We Still Believe that Judas was Right

While I thoroughly enjoyed The Dark Knight Rises, one of the more negative reviews I’ve read has stuck in my mind. The review was by Jeffrey Overstreet, an incredibly thoughtful Christian whose reviews are more than a tally list of profanity and sex scenes (as a side note, I’d highly recommend his book Through a Screen Darkly if you are interested in the intersection of faith and film). Overstreet’s conclusion have been the words I cannot shake:

His [Batman’s] revolution is achieved with violence rather than love. And it achieves only postponements of destruction, not the defeat of death itself.

When the end credits rolled, Keuss’s [a theologian that saw the film with Overstreet] first observation was this: “We still believe that Judas was right.”

Indeed. As the cheering crowd made clear, the savior we’ll celebrate is the one who puts on the best fireworks show, who unleashes hell against those we have judged, who gives the rest of the guilty Gothamites another day to revel, the wages of their sins postponed and forgotten until another supervillain emerges.

The cycle of violence will continue. The rich and heartless will remain rich and heartless. The middle class will stay angry and covetous. The poor will remain neglected.

I don’t know if I entirely agree with Overstreet’s take on the Dark Knight, but I do have a blind spot for comic book-based superheroics. Yet that quote—“We still believe that Judas was right”—has haunted me.

A little background on that quote. A common interpretation for the reason that Judas betrayed Jesus—outside of “the devil made him do it”—is that the disciple was incredibly disillusioned when it turned out this man he thought was the Messiah was not going to overthrow Rome. Rather Jesus was saying he was going to die at the hands of these vile oppressors. Military uprising is how kingdoms were established, so how was this so-called Messiah going to establish a kingdom by dying and not violently overthrowing the opposition? Angered at a seeming betrayal of Israel, hoping to force Jesus’ hand, or for whatever other reason, Judas handed his teacher over to be executed. That’s an abridged version and people far smarter than I could give you better commentary than that.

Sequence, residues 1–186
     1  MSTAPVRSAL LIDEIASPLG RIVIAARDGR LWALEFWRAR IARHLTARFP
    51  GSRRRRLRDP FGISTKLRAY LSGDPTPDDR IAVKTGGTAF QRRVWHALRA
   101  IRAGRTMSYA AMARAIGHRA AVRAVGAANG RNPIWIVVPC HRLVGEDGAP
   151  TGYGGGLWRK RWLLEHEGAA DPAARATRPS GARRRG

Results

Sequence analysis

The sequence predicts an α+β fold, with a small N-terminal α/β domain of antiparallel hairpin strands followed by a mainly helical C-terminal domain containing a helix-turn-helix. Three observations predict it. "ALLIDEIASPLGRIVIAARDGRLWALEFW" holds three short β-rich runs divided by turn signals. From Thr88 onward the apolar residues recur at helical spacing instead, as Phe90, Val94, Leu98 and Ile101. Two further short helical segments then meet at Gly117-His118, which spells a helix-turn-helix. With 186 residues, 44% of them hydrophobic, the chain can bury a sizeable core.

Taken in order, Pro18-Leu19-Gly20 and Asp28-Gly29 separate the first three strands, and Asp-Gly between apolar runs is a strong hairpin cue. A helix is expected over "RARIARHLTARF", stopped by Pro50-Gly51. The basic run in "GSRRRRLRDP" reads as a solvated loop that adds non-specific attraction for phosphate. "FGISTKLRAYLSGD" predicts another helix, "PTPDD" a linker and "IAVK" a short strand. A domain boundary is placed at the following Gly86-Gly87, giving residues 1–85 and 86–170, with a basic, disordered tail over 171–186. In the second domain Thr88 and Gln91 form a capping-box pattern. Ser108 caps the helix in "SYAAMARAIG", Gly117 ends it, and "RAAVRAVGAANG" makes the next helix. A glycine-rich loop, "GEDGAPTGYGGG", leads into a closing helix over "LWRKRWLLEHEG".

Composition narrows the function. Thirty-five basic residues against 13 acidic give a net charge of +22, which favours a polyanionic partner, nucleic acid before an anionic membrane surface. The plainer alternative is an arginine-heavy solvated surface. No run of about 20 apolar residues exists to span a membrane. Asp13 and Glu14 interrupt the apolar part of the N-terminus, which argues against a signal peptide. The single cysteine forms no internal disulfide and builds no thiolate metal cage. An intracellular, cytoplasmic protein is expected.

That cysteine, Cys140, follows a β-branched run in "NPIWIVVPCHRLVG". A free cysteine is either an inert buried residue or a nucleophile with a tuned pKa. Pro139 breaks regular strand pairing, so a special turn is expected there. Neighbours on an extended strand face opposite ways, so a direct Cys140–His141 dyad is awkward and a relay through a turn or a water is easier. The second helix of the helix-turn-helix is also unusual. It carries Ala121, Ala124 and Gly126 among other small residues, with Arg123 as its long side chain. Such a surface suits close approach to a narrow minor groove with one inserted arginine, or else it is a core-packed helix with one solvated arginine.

Now no person is ever going to say that Judas was right, but Overstreet’s friend suggests something that is likely more true than we’d want to admit: our actions speak to us believing in change that comes from a fallen humanity’s expressions of power than the life-changing, self-sacrificial, loving kingdom work of Jesus.

The reason that statement is so unnerving is that it is true when you look back at our church history. Think about the ways in which Christians have tried to change the world for God. From the horribly violent Crusades to the ugly marriage of faith and politics in the last several decades, these are not the ways of the kingdom that Jesus was announcing. What did those things accomplish? Violent counterattacks and the perpetuation of a destructive cycle.

If you walk away from those more dramatic examples and simply look at how we often respond to conflict online, you’ll see us often respond by getting angry and dehumanizing those with whom we disagree. Our shared pictures, status updates, tweets, and comments often assent that we think Judas was right. We believe the way to defeat the “enemy” is through belittling, hurting, and destroying the opposition. We forget that Jesus told us to love our enemies.

This is not to say we should not enjoy superhero movies or vote or even criticize those things that we find to be awry in the world. But we must remember that Judas was not right. Power and violence in whatever forms it takes may get short-term results but it doesn’t truly change anything. So you, I, and everyone else must be careful of what we celebrate and of how we live.

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